The O-Shot, short for Orgasm Shot or Orchid Shot, is the common name for a non-surgical platelet-rich plasma (PRP) treatment that may increase the frequency and quality of orgasms. Clinics offerings this treatment inject the PRP solution into their client’s clitoris, labia and G-spot.
The O-Shot contains PRP from a client’s own blood. PRP contains bioactive molecules known as growth factors that promote healing. During PRP therapies, the clinic draws blood from a patient or client and isolates the PRP. They then inject the isolated PRP into the part of the body that needs healing. PRP has shown promising results for a number of other medical applications.
The term platelet-rich plasma was first used by CS Kingsley. In 1954, he wrote about the platelet concentration required for the transfusions of patients with thrombocytopenia, a condition that lowers platelet count. The first PRP blood bank was established during the 1960s. In the 1980s, doctors confirmed that growth factors released by platelets could repair damaged human tissue.
As the evidence behind PRP grew, so did its applications. In 1972, platelets were first used to regulate blood during surgery. Just three years later, scientists used PRP in reconstructive treatments. By 1987, a surgeon used PRP during heart surgery to reduce blood loss and the risk of blood disorders. Today, PRP is commonly used to help injured athletes return to competition sooner. Doctors claim these treatments can help repair muscles and broken bones more quickly than traditional therapies. PRP treatments have also helped people recover from surgery and regrow their hair.
Who invented the O-Shot?
The O-Shot was invented by Dr. Charles Runels. The Alabama doctor of internal medicine had previously developed what he called the "Vampire Facelift," which involved injecting PRP taken from a client’s arm into their face. The results he saw inspired him to consider further applications for PRP. He reportedly began injecting his own penis and felt it gave him stronger erections. He gave the first O-Shot to his partner, who asked for the procedure to get more enjoyment from their sexual encounters. After noting her satisfaction, he decided to offer the procedure to his patients.
Does the O-Shot work?
The O-Shot is marketed at women experiencing sexual dysfunction, including people who struggle to have orgasms, who have lost vaginal sensitivity and who have a low libido. Supporters of the O-Shot say that it works by stimulating stem cells and blood vessels, boosting collagen production, and creating new blood vessels and nerves which rejuvenate the genitals. With blood flowing and new nerves tingling, they say the O-Shot can help people improve their sexual function and pleasure. They claim it may:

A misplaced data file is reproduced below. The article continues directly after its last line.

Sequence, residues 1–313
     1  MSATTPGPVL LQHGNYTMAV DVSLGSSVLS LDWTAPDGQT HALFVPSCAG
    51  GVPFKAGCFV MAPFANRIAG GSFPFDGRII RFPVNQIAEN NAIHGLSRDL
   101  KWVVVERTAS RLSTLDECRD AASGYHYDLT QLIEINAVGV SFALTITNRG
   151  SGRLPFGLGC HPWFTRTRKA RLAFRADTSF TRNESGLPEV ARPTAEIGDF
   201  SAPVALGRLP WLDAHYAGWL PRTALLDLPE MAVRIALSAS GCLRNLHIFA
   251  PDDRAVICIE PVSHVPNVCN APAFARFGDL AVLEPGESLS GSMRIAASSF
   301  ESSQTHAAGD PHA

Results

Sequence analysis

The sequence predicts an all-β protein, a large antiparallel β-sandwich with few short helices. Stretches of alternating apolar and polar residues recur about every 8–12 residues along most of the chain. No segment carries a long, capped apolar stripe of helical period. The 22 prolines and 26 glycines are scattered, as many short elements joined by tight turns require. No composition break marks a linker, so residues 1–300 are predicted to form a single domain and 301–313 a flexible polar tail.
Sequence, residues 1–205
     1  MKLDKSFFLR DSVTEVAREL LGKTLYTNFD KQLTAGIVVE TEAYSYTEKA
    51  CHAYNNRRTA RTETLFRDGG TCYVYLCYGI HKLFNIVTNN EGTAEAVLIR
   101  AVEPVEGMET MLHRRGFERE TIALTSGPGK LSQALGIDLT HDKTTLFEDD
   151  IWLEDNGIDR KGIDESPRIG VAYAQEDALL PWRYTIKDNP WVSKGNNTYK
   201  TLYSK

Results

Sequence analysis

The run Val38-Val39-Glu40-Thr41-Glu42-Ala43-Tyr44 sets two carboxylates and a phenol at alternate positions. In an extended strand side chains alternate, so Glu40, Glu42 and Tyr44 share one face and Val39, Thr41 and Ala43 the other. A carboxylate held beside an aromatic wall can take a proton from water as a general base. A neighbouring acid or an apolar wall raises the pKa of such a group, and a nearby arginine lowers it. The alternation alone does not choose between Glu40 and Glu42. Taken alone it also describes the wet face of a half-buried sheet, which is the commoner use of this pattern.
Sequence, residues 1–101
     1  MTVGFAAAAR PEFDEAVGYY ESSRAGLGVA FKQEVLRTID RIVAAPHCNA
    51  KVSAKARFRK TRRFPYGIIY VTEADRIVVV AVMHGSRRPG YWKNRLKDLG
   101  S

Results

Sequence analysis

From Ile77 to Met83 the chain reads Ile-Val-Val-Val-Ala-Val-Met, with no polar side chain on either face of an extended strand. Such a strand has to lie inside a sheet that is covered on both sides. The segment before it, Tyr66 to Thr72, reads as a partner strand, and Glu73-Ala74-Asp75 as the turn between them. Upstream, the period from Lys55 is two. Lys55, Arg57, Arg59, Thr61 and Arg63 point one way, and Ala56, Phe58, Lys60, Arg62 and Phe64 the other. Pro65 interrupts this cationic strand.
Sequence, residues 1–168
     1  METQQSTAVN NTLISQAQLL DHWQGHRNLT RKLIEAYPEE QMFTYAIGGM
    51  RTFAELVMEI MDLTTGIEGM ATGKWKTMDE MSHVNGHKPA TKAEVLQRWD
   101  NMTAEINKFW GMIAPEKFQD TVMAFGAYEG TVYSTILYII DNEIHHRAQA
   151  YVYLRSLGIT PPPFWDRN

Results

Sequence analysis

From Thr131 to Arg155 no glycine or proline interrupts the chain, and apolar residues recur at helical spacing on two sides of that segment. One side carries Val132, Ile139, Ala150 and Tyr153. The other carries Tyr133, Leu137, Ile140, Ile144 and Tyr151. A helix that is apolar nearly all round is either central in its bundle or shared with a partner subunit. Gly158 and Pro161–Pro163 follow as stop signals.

- increase sexual desire
- increase arousal
- increase lubrication
- lead to better orgasms.
There may also be some non-sexual benefits, including reducing incontinence, and treating chronic pain triggered by childbirth, the application of transvaginal mesh, or interstitial cystitis. It may also help treat genital skin conditions including lichen sclerosus and lichen planus.
The O-Shot also has its critics, with most arguing that without more large-scale peer-reviewed studies, it’s impossible to say whether this treatment can reliably get the results it promises. They argue that without this evidence, clinics promoting the O-Shot and its purported benefits may be misleading their clients. This is especially true for clinics claiming the O-Shot is backed by “medical science." While there are several studies that support the use of PRP in other medical contexts, there is no medical science supporting the use of the O-Shot for increased sexual satisfaction.
Some critics have also questioned Dr. Runels' credentials and methods. They note that as a doctor of internal medicine, he is likely to have very limited knowledge of gynecology. They also question the ethics of performing an experimental procedure on a sexual partner. Once someone receives a procedure, they become a patient, and the AMA Code of Medical Ethics states it is unethical for physicians to have romantic or sexual interactions with their patients. Dr. Runels was disqualified by the Food and Drug Administration as a clinical investigator in 2009 and, in regards to a separate incident, fined by the State Board of Medical Examiners of Alabama the same year for misuse of hormone replacement therapy, although restrictions on his license were later overturned.